The City of Seattle is back at it again, seeking $75 million in public funds for a $300 million remodel of KeyArena with the hope of attracting an NBA team to replace the Sonics.
If that battle wasn’t difficult enough, consider the state’s projected $5 billion deficit and the competition, including the University of Washington, eyeing the same pot of money.
Tim Ceis, Seattle’s deputy mayor, presented the city’s proposal to a legislative task force Monday at Bellevue City Hall during the group’s final public hearing.
The task force was created by the state Legislature and is co-chaired by Rep. Ross Hunter, D-Medina, and Sen. Tracey Eide, D-Federal Way. The seven-member group is charged with evaluating options for using King County taxes, some of which are being used to pay off debt on Safeco Field, Qwest Field and the demolished Kingdome.
UW athletic director Scott Woodward and Ron Crockett, owner of Emerald Downs and a prominent UW donor who has led several of the school’s athletic fundraising campaigns, presented a proposal for a $300 million remodel of Husky Stadium. The college wants $150 million in public funds.
Hunter said he and Eide will get feedback from the rest of the task force about what their priorities are, and craft a recommendation the majority of the group can support. If a consensus can’t be reached, the group will put together a report outlining all of the options, which they hope to complete in the next couple weeks.
“My personal take is I’d like to push decisions as far down as possible where they’re most connected to their local voters,” Hunter said.
The City of Seattle wants the Legislature to restore the city’s ability to raise money through the city-only hotel-motel tax that funds the convention center.
The tax rate in Seattle is 7 percent, but only about 6 percent is needed to pay off the remaining bonds. The city wants to use 1 percent of the tax to add to the overall financing of a KeyArena remodel.
The Legislature has turned down proposed funding to build an arena for the Sonics in successive sessions, but this time, there’s extra incentive to approve a deal.
According to the city’s settlement with the former Sonics ownership group, the city will receive another $30 million from Clay Bennett’s group if the Legislature approves funding for an NBA-ready arena by Dec. 31, 2009, and if Seattle is still without an NBA team in 2013.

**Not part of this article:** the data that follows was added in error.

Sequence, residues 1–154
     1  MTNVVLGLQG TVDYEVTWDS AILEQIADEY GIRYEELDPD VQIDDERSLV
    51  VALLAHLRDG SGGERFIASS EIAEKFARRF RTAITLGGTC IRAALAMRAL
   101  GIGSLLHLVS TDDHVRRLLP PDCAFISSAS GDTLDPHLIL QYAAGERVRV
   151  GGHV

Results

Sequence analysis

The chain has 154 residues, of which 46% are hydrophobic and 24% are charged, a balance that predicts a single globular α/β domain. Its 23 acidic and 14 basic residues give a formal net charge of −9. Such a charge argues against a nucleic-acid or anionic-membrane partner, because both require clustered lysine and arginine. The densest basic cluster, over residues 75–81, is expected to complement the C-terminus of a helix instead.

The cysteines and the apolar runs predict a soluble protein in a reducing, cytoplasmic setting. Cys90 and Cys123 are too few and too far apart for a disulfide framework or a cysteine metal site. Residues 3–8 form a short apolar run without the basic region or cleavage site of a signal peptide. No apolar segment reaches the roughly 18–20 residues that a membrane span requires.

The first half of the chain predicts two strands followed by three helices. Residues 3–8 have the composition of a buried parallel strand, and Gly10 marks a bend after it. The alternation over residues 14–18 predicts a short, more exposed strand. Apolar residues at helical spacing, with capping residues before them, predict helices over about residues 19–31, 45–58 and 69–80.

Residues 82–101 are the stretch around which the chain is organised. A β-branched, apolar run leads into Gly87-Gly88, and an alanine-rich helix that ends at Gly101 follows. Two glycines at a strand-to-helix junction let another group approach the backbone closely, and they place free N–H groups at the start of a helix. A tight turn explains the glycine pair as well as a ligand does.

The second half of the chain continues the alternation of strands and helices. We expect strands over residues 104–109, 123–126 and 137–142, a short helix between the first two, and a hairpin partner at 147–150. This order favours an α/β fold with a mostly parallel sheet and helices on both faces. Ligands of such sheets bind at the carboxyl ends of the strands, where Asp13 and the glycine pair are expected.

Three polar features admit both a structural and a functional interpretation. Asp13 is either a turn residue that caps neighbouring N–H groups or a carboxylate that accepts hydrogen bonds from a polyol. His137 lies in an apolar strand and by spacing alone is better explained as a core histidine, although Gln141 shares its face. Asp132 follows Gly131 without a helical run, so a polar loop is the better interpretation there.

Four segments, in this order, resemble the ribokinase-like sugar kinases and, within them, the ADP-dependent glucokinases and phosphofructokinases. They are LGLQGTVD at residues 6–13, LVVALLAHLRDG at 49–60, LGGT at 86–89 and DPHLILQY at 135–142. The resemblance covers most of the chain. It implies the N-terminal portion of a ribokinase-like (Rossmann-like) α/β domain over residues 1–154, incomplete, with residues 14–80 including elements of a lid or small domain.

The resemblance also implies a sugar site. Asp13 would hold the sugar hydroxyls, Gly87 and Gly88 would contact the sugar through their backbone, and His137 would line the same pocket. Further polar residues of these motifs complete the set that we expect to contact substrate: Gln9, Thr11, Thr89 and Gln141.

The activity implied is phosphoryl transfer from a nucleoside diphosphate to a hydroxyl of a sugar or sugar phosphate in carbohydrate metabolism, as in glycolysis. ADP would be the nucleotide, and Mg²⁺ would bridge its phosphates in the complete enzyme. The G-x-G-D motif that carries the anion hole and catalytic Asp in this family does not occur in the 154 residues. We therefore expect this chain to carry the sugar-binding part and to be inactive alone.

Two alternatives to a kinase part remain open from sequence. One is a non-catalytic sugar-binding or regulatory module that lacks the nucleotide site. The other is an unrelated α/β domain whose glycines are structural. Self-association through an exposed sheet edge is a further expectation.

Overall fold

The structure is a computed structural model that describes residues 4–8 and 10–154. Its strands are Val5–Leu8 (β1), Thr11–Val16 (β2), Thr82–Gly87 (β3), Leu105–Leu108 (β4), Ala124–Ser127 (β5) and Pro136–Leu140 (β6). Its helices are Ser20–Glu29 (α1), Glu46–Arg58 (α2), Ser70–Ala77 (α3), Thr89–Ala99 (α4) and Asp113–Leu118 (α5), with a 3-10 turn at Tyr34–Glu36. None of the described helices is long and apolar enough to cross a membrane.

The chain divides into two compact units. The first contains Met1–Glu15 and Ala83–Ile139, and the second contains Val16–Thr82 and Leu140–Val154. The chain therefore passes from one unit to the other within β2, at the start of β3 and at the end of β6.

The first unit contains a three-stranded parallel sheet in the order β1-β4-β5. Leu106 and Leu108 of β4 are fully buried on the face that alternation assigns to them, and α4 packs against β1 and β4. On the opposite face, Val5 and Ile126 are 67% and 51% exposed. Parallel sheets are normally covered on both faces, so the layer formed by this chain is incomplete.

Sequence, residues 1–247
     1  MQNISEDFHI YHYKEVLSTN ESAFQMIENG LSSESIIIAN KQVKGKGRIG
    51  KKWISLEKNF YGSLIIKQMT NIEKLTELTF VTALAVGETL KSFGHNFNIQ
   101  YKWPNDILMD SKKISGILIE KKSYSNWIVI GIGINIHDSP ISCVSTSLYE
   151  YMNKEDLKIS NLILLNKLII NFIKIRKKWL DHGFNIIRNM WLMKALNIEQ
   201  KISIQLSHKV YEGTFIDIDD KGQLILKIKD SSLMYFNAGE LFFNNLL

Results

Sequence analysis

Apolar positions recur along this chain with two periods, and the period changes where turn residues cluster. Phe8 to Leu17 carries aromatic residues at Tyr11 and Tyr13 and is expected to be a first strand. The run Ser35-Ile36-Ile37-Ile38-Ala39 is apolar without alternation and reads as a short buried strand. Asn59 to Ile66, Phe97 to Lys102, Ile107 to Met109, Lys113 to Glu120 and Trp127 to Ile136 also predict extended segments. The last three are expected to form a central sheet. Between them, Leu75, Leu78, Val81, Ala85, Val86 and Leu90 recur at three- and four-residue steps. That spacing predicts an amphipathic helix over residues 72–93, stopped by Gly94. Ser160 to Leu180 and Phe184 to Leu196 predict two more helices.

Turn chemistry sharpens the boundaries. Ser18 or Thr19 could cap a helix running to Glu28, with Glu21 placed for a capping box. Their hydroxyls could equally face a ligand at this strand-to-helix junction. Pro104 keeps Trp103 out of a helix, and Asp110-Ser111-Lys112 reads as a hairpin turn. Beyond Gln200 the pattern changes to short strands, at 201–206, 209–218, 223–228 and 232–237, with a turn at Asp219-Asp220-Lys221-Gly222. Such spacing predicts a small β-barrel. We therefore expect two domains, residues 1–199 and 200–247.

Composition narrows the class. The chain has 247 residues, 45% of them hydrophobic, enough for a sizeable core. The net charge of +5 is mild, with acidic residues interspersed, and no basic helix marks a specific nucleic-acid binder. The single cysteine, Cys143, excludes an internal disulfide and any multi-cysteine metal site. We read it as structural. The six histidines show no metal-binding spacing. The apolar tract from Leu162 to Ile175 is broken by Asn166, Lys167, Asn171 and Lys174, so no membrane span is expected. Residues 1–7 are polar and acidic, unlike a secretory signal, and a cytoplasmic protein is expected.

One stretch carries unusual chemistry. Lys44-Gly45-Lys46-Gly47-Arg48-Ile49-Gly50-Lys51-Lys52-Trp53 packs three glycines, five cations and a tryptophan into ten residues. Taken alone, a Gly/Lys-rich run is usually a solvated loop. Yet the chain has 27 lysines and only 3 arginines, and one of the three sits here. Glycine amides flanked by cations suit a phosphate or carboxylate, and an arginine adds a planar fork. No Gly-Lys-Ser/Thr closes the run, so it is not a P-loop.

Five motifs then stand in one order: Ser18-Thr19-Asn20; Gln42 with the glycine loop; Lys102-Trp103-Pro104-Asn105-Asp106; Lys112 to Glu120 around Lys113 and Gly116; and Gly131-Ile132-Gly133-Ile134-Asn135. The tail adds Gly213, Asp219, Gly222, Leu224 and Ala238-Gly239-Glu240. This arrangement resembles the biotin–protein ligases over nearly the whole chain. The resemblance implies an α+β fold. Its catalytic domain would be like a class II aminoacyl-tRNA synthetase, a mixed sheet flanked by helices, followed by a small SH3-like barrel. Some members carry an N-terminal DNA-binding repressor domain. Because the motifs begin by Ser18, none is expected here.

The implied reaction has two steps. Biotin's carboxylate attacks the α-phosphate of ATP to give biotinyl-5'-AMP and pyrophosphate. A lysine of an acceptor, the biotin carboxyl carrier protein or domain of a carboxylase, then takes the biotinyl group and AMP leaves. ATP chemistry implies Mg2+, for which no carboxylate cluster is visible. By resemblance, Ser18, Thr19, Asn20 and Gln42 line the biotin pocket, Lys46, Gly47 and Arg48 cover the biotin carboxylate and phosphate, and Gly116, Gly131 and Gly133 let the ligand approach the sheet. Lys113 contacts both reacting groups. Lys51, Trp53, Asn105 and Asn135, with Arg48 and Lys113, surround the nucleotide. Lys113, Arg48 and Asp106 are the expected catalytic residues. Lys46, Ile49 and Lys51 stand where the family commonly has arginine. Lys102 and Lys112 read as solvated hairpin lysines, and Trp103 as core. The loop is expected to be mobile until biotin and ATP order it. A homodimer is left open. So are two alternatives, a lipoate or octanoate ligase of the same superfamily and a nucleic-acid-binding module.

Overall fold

Ceis, noting there’s a potential local NBA ownership in a group headed by Microsoft CEO Steve Ballmer, said a new arena would help rebuild the Seattle Center and remove a big stumbling block in bringing professional basketball back to Seattle.
“I think Mr. Ballmer and their group have had some very positive discussions with the league,” Ceis said. “And if we pull this off, I think Mr. Ballmer is highly motivated to do what he can to get a team here as quickly as he can.”
The UW would use the $150 million it requested to pay for seismic and ADA upgrades to the lower bowl of 88-year-old Husky Stadium. The school would then raise $150 million in private funds next year to cover the rest of the cost of the project, including building club seats.
Crockett would like to start construction in November and have the football team use Qwest Field for the 2010 season while the stadium is being rebuilt.
“In a perfect world this would be a state capital project,” Woodward said. “But it’s not a perfect world. There’s not enough money. There’s too many projects, and that’s why we’re here talking about these sources or revenues because we believe they’re user taxes.”
The UW proposal raised questions from members of the task force, who wanted to know why the school didn’t raise the money itself, and it was opposed by Washington State alumni.
UW recently completed a fundraising effort that generated over $2 billion, but Woodward said that money is earmarked for academic facility improvements. Funding for a remodeled Husky Stadium would be a low priority.
Glenn Osterhout, a WSU graduate and part of a grass-roots effort by the school’s alumni, spoke out against UW using tax money for stadium renovations.
Osterhout said the project would give Washington an unfair advantage in recruiting. He also noted WSU is raising money for a $40 million renovation of Martin Stadium through private donations.
“We think they have the capacity to fund their own stadium,” Osterhout said.
Sen. Ed Murray, D-Seattle, a supporter of the project who presides over the district UW is in, said Osterhout and other members of opposition should be ashamed of their stance against the Husky Stadium project, particularly because the state has earmarked funds for WSU athletic projects in the past.
Also, the Washington State Trade and Convention Center presented an ambitious project that would expand the current trade center facility, doubling the convention center space in Seattle at a cost of $766 million.
Others looking for funds include local arts groups, Puget Sound cleanup groups, youth sports groups and low-income housing activists.
Ceis said the city and Frank Finneran, executive director of the trade center, are working together and there’s enough money available to fund both KeyArena and the trade center.
Ceis also said there’s no competition between the KeyArena remodel and the Husky Stadium renovation.
“They’re looking at other revenue streams, so we’re not in competition with them at all,” Ceis said.
Eric D. Williams: 253-597-8437